Data point on how much the rest of the world cares if we nominate a proven ideological jerk: I tried--in a desultory way, mind you--to find press coverage of the Bolton confirmation hearings in Le Monde and came up with very little besides a couple of Reuters translations. (Wolfowitz, on the other hand, they're fascinated by.)

You're right, hilzoy, on all the substantive, principled reasons this nomination is just plain awful. The worst, for me, is the evidence that Bolton has spoken in his official capacity for private ends. Here's the thing, though: at the end of the day, I'm not convinced that a lack of sincere US involvement at the UN will necessarily scuttle the whole thing. If the other member states collectively decide that dealing with the punk US ambassador isn't worth it, but that something needs to be done about Darfur, I'm hoping they'll do it, and let the US, the self-appointed agent of history, look like a chump for sitting on the sidelines, worrying about which sliver of the 51% majority might object. If someone as awful as Bolton is elected, the UN member states might give up on the US as a reasonable international actor and instead use their own political capital in the UN venue to address politically and logistically nightmarish problems. I do not want to have to believe that the efficacy of the UN depends on the vote of a couple of fence-sitting US senators.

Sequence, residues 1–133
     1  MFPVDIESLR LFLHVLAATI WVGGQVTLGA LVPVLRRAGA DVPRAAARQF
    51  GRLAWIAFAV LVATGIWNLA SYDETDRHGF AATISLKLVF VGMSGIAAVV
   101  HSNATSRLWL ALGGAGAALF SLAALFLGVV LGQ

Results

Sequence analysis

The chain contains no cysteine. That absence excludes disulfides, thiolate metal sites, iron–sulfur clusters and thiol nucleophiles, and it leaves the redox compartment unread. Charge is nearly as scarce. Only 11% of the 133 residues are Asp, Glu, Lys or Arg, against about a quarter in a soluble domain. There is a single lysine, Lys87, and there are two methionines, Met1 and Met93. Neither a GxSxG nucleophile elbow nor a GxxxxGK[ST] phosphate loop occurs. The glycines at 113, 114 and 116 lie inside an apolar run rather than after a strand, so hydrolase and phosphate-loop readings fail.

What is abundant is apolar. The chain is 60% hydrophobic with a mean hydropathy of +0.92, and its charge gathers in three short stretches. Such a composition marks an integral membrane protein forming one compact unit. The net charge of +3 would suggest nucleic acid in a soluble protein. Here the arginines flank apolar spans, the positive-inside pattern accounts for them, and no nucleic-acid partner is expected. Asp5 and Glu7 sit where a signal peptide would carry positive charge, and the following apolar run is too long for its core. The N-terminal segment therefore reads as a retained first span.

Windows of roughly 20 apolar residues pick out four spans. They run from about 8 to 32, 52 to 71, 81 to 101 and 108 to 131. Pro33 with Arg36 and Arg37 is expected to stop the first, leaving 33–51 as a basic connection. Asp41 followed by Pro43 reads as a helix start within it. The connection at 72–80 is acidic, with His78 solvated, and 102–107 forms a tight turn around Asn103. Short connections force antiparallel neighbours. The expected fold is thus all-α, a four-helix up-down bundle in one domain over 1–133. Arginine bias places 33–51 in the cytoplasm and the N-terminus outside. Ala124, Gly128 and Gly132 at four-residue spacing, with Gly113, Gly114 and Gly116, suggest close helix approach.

But again, I recognize that the duty of those of us here within the country who care about the UN is to object strenuously to Bolton's nomination. Hereby I declare: John Bolton sucks and is ruining this world body.

"Bush administration doesn't want someone "able to put something together", thats exactly the opposite of what they want."

Not saying you are wrong, but unless John Danforth was simply given a prize for loyal service, Danforth is a possible data point in opposition to that view. As much a conciliator as possible for a Bush appointment.

Even if Danforth's appointment was a prize, he's still such a decent fellow, that one cannot seriously argue that we're at the nadir in terms of respect at the UN. What I find fascinating is that idea that a confrontational bully is the right guy to be on-the-ground helping voluntary reform get going. In my experience, confrontational bullies are generally counterproductive, inasmuch as the people they are bullying spend more time resenting, resisting, and/or subverting than they would trying to find some kind of compromise that moves forward.

If you want solutions from (and to) the UN send a statesman. If you want theatrical but ineffective confrontation, though, they've got the right guy.